Other work has examined how 340B qualification influences prescription drug dispensing patterns. If 340B hospitals are aiming to conserve resources and deliver high-value, low-cost care, prescribing should favor low-cost (often generic) drugs. But if 340B hospitals are aiming to maximize profits, they will tend to prescribe more expensive (often branded) drugs, because the profits from each prescription are based on the retail cost of the drug, with larger profits coming from more expensive drugs.  These studies have shown that, in fact, contract pharmacies for 340B hospitals disproportionately favor branded, patent-protected drugs over generic therapeutic substitutes, overall, and within a therapeutic class—a pattern that does not appear to be driven by a patient’s clinical complexity alone.4 A 2015 Government Accountability Office (GAO) report corroborated these findings. In both 2008 and 2012, GAO estimated per beneficiary Medicare Part B drug spending, including oncology drug spending, was substantially higher at 340B hospitals compared with non-340B hospitals. On average, beneficiaries at 340B hospitals were either prescribed more drugs or more expensive drugs than beneficiaries at other hospitals.5

The scope of the program is currently so vast that drug prices are also driven up for all consumers. By definition, branded manufacturers hold monopoly power, and recent consolidation in the generics market has similarly concentrated pricing power. As these manufacturers face significant and expanding demand for discounts on the acquisition prices of these drugs, they are able to pass the costs of these discounts onto other payers.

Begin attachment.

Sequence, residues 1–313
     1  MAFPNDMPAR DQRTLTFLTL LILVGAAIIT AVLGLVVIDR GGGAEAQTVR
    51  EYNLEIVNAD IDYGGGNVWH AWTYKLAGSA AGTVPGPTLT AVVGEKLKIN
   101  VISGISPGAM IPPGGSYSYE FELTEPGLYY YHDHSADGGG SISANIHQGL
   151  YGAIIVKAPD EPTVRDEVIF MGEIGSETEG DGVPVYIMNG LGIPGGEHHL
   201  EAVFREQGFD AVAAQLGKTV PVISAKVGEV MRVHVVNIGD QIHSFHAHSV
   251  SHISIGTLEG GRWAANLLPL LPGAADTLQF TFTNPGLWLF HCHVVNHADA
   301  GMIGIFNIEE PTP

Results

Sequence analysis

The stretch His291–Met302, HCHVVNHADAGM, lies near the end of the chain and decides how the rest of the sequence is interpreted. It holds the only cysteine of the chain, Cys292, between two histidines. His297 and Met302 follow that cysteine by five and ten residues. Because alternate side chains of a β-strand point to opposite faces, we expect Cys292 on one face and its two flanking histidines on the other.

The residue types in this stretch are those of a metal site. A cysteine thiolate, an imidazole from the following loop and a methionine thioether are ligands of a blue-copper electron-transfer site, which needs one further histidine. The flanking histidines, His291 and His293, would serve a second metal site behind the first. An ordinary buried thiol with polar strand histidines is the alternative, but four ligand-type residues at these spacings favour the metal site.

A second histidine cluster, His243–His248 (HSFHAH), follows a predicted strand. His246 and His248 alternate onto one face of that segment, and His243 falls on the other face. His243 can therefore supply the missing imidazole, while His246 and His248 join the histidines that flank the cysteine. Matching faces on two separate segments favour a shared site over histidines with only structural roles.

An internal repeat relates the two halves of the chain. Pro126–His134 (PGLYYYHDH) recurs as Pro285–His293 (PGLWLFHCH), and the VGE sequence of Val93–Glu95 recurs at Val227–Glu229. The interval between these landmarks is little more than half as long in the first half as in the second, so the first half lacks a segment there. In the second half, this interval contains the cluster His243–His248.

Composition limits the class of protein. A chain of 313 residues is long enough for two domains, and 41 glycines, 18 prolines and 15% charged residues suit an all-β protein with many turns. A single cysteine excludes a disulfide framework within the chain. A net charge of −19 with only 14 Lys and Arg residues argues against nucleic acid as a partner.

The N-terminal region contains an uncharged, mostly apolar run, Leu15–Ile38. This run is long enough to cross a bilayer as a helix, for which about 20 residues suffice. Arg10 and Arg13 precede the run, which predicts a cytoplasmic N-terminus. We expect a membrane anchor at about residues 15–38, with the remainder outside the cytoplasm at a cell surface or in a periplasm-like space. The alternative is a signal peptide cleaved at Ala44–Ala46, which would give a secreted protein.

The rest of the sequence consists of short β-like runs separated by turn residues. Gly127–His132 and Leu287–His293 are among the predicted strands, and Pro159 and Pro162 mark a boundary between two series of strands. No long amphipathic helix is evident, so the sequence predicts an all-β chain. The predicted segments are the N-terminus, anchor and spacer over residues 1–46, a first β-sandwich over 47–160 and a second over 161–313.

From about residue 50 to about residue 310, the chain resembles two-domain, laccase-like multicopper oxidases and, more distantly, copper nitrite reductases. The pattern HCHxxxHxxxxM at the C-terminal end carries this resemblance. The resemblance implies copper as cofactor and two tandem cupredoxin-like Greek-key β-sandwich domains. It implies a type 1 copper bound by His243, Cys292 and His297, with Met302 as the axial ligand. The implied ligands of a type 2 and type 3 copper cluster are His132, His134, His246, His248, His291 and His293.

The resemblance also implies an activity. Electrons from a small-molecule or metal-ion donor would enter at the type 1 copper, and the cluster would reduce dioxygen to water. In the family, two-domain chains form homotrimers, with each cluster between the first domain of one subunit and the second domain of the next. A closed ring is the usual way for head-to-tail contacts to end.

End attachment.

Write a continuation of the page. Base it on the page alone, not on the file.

In August 2015, HRSA released its’ proposed “mega” guidance regarding manufacturer and qualified entity participation in the 340B drug discount program.6 The proposal  recommends several changes to the program, including tightening the definition of which patients are eligible for treatment with drugs acquired at 340B prices, and which physicians are eligible to administer or prescribe drugs acquired at 340B prices. However, the actual impact of this proposal remains uncertain, particularly because recent court rulings have created doubts regarding HRSA’s authority to implement their new standards.7  



 
Copyright AJMC 2006-2017 Clinical Care Targeted Communications Group, LLC. All Rights Reserved.
x
Welcome the the new and improved AJMC.com, the premier managed market network. Tell us about yourself so that we can serve you better.
Sign Up
×

Sign In

Not a member? Sign up now!